Brazil’s defensive play in the semi final was lamentable. They were asking to be slaughtered by the Germans in gifting so much space down their left side for Muller, Lahm and co to exploit. Why did Luiz and Dante never step across to cover that space, but always stayed in the middle?
    Finally, Louis Van Gaal must have noticed that Fellaini is much better playing for Belgium as a forward player,rather than he was last season playing for Man Utd as a midfield player, which he is not.

  12. The 2014 World Cup showed us nothing new in the realm of tactics. Often a tournament reveals a new tactical plan or formation, but this year the teams stuck to tried and trusted formations.
    In 1958, Brazil introduced the 4-2-4 system. They tweaked this in 1962 when they withdrew left winger,Zagallo, into midfield and so we got 4-3-3. England went a step further in 1966 with the 4-4-2 formation. It is often said that they played 4-3-3, but they did not because Stiles played tight in front of the defence and Ball and Peters worked up and down the wide areas. Hunt and Hurst were the two strikers and 4-4-2 became the most popular system in England for many years.
    In 1974, I think the most exciting era in football tactics was produced when the outstanding Dutch team played their ‘Total Football’ system, where their outstanding individuals combined together to produce superb football without a fixed positionalised framework to inhibit them. It was a great pity that they finished runners-up instead of winners.
    In 1986, Argentina became the first World Champions playing the 3-5-2 formation and this influenced many teams, at both club and international level, for many years. A number of teams in this year’s competition still played variations of it. In 1998, France became World Champions without an orthadox central striker, attacking from midfield and with effective wide players cutting in. Brazil won the 1994 and 2002 competitions with a narrow based 4-2-2-2 system, where the full backs worked tirelessly up and down the flanks to give the width.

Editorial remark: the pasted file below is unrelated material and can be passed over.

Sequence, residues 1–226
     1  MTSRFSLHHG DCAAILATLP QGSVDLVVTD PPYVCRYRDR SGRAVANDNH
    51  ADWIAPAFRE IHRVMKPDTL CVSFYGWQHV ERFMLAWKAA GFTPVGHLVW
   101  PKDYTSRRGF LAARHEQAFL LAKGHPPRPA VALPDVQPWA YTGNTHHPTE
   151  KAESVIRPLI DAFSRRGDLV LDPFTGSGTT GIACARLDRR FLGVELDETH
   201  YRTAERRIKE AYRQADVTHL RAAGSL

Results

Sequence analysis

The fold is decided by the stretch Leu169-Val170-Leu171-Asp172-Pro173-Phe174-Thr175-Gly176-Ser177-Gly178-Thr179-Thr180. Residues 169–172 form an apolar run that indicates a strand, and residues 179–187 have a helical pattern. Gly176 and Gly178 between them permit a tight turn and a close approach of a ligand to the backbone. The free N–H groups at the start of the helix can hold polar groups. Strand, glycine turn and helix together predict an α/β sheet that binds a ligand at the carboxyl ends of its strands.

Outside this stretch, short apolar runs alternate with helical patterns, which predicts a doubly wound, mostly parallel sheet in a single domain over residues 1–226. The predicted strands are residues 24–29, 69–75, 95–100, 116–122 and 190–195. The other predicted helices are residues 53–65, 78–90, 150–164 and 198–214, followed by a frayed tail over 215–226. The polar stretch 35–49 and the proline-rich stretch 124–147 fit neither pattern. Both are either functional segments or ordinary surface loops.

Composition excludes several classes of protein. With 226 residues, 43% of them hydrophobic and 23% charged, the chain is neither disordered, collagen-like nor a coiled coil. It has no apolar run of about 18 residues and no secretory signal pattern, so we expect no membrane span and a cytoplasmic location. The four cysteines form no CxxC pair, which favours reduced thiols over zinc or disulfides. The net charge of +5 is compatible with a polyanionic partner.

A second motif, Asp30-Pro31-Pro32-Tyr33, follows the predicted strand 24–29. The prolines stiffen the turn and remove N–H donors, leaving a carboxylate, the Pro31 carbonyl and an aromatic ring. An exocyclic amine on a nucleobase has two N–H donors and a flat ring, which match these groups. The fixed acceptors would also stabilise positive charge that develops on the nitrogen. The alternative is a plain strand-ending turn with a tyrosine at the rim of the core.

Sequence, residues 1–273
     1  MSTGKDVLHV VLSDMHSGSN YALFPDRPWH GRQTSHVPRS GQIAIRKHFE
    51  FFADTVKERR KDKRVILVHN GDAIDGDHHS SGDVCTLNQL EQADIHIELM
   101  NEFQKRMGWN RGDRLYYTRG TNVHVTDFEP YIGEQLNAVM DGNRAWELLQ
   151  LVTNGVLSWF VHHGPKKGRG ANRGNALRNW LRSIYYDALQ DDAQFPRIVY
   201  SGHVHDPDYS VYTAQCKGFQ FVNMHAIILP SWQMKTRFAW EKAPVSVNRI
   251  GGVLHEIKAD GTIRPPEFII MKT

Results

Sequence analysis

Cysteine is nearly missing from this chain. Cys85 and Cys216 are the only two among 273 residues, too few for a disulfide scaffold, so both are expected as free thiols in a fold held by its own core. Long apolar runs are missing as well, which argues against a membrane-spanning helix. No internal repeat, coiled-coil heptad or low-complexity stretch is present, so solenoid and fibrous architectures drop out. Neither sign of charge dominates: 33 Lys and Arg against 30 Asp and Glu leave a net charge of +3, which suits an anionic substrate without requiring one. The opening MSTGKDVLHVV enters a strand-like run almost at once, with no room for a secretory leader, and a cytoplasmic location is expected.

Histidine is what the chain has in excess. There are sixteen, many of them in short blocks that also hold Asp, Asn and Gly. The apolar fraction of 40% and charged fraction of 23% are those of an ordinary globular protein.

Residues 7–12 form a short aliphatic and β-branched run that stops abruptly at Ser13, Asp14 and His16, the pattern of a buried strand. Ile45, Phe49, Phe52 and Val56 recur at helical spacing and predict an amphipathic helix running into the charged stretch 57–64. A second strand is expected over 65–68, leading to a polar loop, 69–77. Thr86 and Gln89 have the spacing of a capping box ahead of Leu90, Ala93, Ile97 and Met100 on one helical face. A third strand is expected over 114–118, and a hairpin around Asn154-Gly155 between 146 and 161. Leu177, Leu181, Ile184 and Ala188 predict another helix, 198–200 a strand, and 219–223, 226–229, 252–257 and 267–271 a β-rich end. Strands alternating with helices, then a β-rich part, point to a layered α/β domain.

John expresses disappointment with the ordinary quality we got at this year’s competition. At the end of the day, we all want to be thrilled by the skill and flair of great individuals. In Brazil, we got drama and thrilling matches, but, when we analyse it, the football was often ordinary, regardless of tactical considerations.
    Perhaps the best World Cup in most peoples’ lifetimes was the 1970 competition in Mexico. That Brazilian team was unforgettable, their skill, imagination and invention absolutely breathtaking. But there was still a tactical significance to their performance. That was their use of wingers. On the right, Jairzinho was normally a centra forward, but coach Zagallo converted him to a right winger “with a centre forward’s nose” and he was devastating. On the left, Rivelinho flitted between midfield and left wing, similar to how Zagallo himself had played in 1962. So that great Brazilian team thrilled us with their flair, but gave us a tactical lesson as well.

  13. Hi Steve. You are exactly correct in your breakdown of previous WC Tournaments. In comparison this latest ‘hyped’ month of football medocrity provided nothing with regards an expansion of playing quality in either individual or team terms. —- And let’s not forget, we finished bottom of a very ordinary group in a very ordinary Tournament; —what does that say about us?

  14. Hi John….
    The German World Cup success has been earned because when they recognised the problems in their game, about 10 – 15 years ago, they did something about it and vastly improved their coaching and youth development programme.
    There is nothing the Germans have done which we could not achieve. Get the FA Tesco Skill Coaches into the primary schools, but let them concentrate on giving games to kids where they play in tight, confined areas. Don’t worry about covering all the different skills from week to week, often in the old drill-type enviroment. Let them play, but in tight areas, where they learn from the earliest days how to play under pressure.
    Having been to Brazil for the World Cup, I can confirm that the popular view that golden nuggetts of football brilliance come off the Rio beaches like the Copacabanna, is a myth. These beaches are largely the playground of the rich, affluent section of Brazilian society, which does not produce many players. The future players are in the favellas, poor, shanty areas where children play on either small concrete courts or bare, patchty grass pitches and learn how to play in restricted space and develop their individualism accordingly.